One of the first steps that will need to be taken will be to request the existing scheme to calculate the CETV (Cash Equivalent Transfer Value). This will effectively be a settlement offer from the scheme to convert your promised benefits into a cash value and make this available to you as an alternative to retaining the promised benefits of the DB scheme. Some companies will be keener than others to encourage members to transfer out of their scheme – which will play a part in dictating how ‘generous’ the cash offer is and how the calculation is made. Companies concerned about the scale of their long-term income commitment to members may elect to try and encourage members to transfer out to reduce their liability.

When can you transfer out?

Defined Benefit pension transfers into Defined Contribution or personal pension plans can provide valuable financial planning opportunities in the right circumstances. Flexible access drawdown allows benefits to be taken earlier than most Defined Benefit schemes do, and many people will use this facility to withdraw their 25% tax-free lump sum (if they are at least 55 years old) and leave the remainder of their pension fund invested for use for income later.

For members who have settled outside of the UK as long-term expatriates, Defined Benefit pension transfers have additional factors which need to be considered and can make this a more logical action if there is a strong possibility that they will retire overseas.

It is essential to take advice from an authorised Pension Transfer Specialist (PTS) concerning DB transfers, and as a member, it is imperative to make sure you understand the following:

  • The promised benefits that you will be giving up and the risks of doing so.
  • How will the transfer fit in with your overall retirement planning
  • How your retirement income expectations will be achieved and how this projection compares to the income that the DB scheme promised you is a crucial part of analysis that the PTS must work through with you.

Lifetime Allowance and DB pensions

The lifetime allowance for most people is £1,073,100 in the tax year 2023/24. You would have paid a lifetime allowance charge on any pension savings over this amount in previous years. But from 6 April 2023, that charge has changed to 0%Read our blog on the latest LTA changes for 2023.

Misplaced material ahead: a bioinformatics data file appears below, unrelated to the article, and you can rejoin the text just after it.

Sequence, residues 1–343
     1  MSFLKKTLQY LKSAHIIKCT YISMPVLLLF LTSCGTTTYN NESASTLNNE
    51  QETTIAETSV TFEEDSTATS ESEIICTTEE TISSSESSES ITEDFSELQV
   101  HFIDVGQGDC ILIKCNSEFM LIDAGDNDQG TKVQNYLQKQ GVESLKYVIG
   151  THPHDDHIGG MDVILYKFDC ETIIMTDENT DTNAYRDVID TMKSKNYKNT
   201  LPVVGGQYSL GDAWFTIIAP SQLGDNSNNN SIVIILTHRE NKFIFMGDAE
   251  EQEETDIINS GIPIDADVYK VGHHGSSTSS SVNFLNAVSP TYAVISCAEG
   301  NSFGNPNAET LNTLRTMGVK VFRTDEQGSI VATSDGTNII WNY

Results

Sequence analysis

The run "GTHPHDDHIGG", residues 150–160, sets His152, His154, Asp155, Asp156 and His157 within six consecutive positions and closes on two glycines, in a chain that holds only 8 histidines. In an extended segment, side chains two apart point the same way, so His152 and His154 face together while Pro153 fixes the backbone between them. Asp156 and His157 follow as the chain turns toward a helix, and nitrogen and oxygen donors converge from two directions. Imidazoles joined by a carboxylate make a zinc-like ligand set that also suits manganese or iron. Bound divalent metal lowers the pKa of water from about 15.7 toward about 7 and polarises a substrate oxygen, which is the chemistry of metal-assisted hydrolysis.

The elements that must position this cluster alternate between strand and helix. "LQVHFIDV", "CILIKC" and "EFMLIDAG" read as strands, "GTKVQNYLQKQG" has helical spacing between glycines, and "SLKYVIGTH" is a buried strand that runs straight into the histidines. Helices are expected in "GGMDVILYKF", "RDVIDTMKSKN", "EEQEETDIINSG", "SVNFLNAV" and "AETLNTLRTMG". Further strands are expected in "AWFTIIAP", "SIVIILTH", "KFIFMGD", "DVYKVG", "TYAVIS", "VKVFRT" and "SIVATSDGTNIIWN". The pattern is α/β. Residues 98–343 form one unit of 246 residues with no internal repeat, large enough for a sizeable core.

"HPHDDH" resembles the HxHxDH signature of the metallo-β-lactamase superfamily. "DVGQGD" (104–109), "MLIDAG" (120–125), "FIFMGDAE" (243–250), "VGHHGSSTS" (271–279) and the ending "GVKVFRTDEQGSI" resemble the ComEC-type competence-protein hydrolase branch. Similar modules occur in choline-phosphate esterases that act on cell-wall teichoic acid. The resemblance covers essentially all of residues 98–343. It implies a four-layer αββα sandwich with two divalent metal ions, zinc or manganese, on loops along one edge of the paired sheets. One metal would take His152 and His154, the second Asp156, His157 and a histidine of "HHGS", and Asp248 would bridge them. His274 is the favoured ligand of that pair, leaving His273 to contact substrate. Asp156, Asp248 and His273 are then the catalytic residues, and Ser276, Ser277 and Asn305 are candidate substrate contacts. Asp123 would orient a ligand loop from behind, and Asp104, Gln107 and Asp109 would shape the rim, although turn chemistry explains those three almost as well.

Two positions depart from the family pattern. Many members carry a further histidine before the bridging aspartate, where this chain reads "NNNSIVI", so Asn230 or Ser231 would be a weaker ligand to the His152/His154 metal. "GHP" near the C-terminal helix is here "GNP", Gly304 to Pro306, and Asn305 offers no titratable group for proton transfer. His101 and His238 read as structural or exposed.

Withdrawing money from your defined benefit pension

A Defined Benefit pension pays you an income in retirement, and your pension income increases yearly to consider the rising cost of living.

You can withdraw 25% of your pension as a calculated tax-free lump sum when you reach 55. If you choose to do this, the pension administrators will reduce the retirement income that you are being promised to reflect how much you have withdrawn from your pension as a lump sum.

When you die, a percentage of your pension can be paid to your surviving partner or dependents.

Pension transfer calculator

Try out our free pension transfer calculator if you are thinking about transferring.

Pension Calculator

What are your pension transfer options

A SIPP is a pension ‘wrapper’ that holds investments until you retire and begin to draw an income. Read more here.

A qualifying recognised overseas pension scheme (QROPS) is an overseas pension scheme that meets specific requirements set by HMRC. Read more here.

Speak to us for a review

If you have a defined benefit pension and want to explore your transferring options as an expat, speak to one of our advisers today.

How can we help you?

If you would like to speak to one of our advisers, please get in touch today.


The information on this page is directed only at persons outside the United Kingdom and must not be acted upon by persons in the United Kingdom.

Contact Us

    Get a free review of your finances

    /** Remove "0" from mobile number */